In this article, Professor M. Eve Hanan addresses how implicit cognitive biases may affect judges when they decide whether to credit defendants' displays of remorse and how we can lessen the effects of that bias. Part I of this article introduces the main ideas to be discussed. Part II establishes the salience of remorse to punishment decisions and then demonstrates the ambiguity involved in assessing the sincerity of remorse. Part III examines existing research on implicit biases associating African Americans with criminality to consider whether judges are likely to view African American defendants' expressions of remorse as insincere and, thus, unworthy of leniency. Part IV critiques and rejects two strategies for addressing implicit bias in punishment decisions - cabining discretion and sanitizing racial content from consideration. Part V offers recommendations to reduce the impact of racial bias on remorse assessments in punishment decisions.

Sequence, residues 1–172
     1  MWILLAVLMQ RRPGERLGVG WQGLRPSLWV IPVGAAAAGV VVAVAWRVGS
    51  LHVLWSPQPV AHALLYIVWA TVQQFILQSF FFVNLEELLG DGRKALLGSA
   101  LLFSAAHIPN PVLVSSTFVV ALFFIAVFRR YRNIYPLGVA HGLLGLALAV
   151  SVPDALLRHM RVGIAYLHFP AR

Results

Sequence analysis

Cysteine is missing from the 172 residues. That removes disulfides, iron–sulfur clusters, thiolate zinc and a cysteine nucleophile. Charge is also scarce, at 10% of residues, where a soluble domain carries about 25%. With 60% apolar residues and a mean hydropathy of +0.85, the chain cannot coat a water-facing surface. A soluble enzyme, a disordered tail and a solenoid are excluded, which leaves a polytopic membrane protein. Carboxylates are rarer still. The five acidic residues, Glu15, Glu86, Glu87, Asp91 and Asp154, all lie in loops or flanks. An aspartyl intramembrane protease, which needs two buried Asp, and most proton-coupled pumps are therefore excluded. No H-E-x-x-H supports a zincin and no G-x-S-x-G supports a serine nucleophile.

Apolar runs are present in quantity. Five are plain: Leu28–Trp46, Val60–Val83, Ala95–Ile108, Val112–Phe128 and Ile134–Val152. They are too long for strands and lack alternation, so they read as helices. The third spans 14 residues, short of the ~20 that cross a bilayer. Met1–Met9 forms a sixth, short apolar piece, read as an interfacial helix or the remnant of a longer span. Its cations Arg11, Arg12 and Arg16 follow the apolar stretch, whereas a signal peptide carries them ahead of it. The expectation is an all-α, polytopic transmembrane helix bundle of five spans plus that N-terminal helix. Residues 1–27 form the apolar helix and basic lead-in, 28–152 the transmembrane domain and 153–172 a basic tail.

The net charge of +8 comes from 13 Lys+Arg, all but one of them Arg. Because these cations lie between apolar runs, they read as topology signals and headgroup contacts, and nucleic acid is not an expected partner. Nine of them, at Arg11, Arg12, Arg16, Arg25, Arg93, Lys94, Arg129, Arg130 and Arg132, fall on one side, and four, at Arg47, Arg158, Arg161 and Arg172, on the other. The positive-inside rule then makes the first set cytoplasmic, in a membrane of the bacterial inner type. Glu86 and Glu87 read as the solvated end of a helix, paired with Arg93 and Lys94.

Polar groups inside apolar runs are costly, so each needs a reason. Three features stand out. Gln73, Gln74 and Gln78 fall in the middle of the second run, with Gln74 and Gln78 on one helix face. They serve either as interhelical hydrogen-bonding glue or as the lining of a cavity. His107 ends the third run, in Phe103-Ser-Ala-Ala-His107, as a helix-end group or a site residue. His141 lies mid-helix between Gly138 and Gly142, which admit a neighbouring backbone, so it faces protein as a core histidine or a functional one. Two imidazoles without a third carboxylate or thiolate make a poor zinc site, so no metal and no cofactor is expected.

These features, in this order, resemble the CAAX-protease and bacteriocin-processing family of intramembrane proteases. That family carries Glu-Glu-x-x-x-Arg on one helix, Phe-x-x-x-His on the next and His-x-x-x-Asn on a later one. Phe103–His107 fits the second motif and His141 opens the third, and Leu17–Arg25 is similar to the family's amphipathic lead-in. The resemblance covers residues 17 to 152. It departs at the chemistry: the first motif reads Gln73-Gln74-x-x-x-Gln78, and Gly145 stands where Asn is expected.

83 Mo. L. Rev. 301 (2018).
Hanan, M. Eve, "Remorse Bias" (2018). Scholarly Works. 1144.